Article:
Land costs cripple housing options
Low-income home-ownership advocates want developers to donate lots
With two young boys to support and a job as a hairstylist, there was no way Debi Ambrose could afford to build or buy a house of her own in Lawrence.
So Ambrose signed on as the 50th person to participate in Lawrence Habitat for Humanity.
Her house at 1829 Atherton Court is expected to be complete by late August.
“I’ve looked at some houses, and they were all too expensive for me,” she said.
“There was no chance for me to get a house on my own without this,” she added.
There soon may be no chance to add more low-income housing such as Ambrose’s in Lawrence. Both Habitat for Humanity and Tenants to Homeowners are running out of lots for new dwellings, and leaders say the relatively high land costs and a shortage of appropriate lots in the city are making it difficult to keep their programs going.
“We’re looking at the end of our lots by the first quarter of 2004,” said Clay Comfort, president of Lawrence Habitat for Humanity’s board of directors. “We’re in a crisis mode as far as looking for land. It’s beginning to look like mission impossible for single-family homes.”
But the groups have a solution: They want to require developers to donate land for their programs. It’s an idea that’s worked elsewhere, but one that could further increase Lawrence’s development and housing costs — and that is almost certain to face opposition.
Habitat for Humanity has three lots left to build along Atherton Court, in East Lawrence. Tenants to Homeowners has one lot for a five-plex at 12th and Delaware streets.
Both groups are on the hunt for additional land. But the cost of lots — from $35,000 to more than $70,000 each — is making that difficult, even with grant money from the U.S. Department of Housing and Urban Development.
Even expensive lots are hard to find.
“The major challenge in looking for land is finding the land,” said Alan Bowes, executive director of Tenants to Homeowners. “At the present time, it’s not available at any price. I’m talking about buildable land with the appropriate zoning.”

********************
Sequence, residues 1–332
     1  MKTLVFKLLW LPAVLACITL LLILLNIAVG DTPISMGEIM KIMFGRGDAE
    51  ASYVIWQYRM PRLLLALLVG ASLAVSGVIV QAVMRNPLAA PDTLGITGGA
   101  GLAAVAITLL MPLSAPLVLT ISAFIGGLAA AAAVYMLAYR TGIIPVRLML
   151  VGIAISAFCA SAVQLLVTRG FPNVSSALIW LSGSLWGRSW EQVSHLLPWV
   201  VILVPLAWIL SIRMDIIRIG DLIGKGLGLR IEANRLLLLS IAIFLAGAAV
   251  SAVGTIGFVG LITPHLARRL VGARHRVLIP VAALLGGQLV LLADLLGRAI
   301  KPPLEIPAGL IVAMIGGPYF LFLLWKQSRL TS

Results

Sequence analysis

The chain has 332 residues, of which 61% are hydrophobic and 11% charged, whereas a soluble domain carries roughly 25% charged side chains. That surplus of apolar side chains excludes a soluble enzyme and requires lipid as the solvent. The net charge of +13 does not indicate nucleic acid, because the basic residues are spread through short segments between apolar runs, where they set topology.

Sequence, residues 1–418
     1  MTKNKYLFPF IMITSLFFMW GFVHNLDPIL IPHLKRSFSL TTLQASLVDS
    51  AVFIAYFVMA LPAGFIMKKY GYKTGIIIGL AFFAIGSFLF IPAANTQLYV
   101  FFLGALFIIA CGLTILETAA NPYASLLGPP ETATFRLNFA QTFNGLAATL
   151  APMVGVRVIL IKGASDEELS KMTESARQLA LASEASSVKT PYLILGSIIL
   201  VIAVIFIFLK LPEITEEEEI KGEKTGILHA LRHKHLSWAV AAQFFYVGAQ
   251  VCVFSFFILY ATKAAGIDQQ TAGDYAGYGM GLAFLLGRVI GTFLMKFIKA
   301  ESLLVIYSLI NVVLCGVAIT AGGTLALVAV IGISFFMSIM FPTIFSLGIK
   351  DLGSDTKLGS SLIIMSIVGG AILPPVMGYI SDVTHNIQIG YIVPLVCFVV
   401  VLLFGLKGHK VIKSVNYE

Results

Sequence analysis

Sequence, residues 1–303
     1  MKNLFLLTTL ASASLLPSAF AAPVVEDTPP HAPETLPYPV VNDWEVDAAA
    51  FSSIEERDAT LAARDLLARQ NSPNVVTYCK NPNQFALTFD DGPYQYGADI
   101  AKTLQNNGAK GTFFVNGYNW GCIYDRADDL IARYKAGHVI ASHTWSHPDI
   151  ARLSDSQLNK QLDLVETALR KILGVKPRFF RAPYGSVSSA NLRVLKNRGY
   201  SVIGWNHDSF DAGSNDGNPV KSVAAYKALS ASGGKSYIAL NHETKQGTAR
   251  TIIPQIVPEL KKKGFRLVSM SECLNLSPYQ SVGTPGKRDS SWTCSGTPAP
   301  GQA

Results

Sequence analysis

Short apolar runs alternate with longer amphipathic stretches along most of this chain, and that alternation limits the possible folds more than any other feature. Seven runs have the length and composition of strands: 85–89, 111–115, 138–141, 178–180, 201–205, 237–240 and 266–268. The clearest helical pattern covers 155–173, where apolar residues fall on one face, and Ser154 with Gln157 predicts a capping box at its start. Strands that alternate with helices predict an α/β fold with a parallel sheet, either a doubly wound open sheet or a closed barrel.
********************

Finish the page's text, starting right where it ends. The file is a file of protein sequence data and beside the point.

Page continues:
In the past, Bowes’ organization and Habitat for Humanity have paired with the city of Lawrence to purchase land. But the city doesn’t have any more land lined up for transfer to the groups.
Both groups are seeking donations of land or houses in need of renovation as a short-term solution to keep placing families such as Ambrose’s in their own homes.
|Lots for residential development in Lawrence are skyrocketing in price, with costs starting around $35,000, making ownership increasingly difficult for first-time home buyers.Groups that help low-income families become homeowners are considering asking the city to require developers to set aside land in new subdivisions for their programs.Developers say such a proposal would only drive up the price of lots and increase costs for all home buyers.|
“We’re concerned about ending up in a situation where we’re not under construction,” said Jean Lilley, who started in March as executive director for Habitat for Humanity. “It’s tough when it gets to the point that donors say, ‘Where’s my money going?'”
Both Habitat for Humanity and Tenants to Homeowners are eyeing a long-term solution to the land problem.
Comfort said Habitat for Humanity may request the City Commission consider a plan to require developers building in Lawrence to donate a percentage of their property to the city for HUD-sponsored programs such as Habitat or Tenants to Homeowners. Oklahoma City and Phoenix have similar programs, he said.
“It would be great to see a cooperative effort on the part of the city, Habitat for Humanity and Tenants to Homeowners,” Comfort said. “We’re looking at it as how we can put together a process to get the most bang for the donors’ buck — what process we can use to get the most kids living in a dump to move into good housing.”
But, Bowes said, the proposal could become enough of a hot-button political issue the chances for approval could be slim.
“The city has to be willing to put the squeeze on developers to do that,” he said. “They’re not going to say, ‘We’re going to give you a $50,000 lot’ on their own. I’m not holding my breath.”
Still, Mayor David Dunfield said he thought the idea could work.
“I think that’s an interesting concept — one that’s worth exploring,” he said.
The plan almost certainly would face opposition from developers, many of whom also are feeling the squeeze of increasing property values. Already, developers donate land for parks and pay some other costs associated with development.
Many developers say they’re already stretching to make ends meet, and the cost of the donated land would have to be passed on to home buyers.
“If we’re going to give up more lots, it’s going to spread the cost to everyone,” said J Stewart, owner of Terravest Custom Homes. “If people think a $60,000 lot is too high today, what’s their reaction going to be when it’s $75,000? It’s going to cause resentment to these organizations.”
But for Ambrose and her boys — ages 2 and 3 — the donations would be worth the risk. She said Habitat for Humanity and Tenants to Homeowners gave families such as hers new hope.
“I think it would be great,” she said. “They’re out of land and it’s frustrating to them. They should require that in all new neighborhoods — they could stand to lose one or two lots and still make a lot of money.”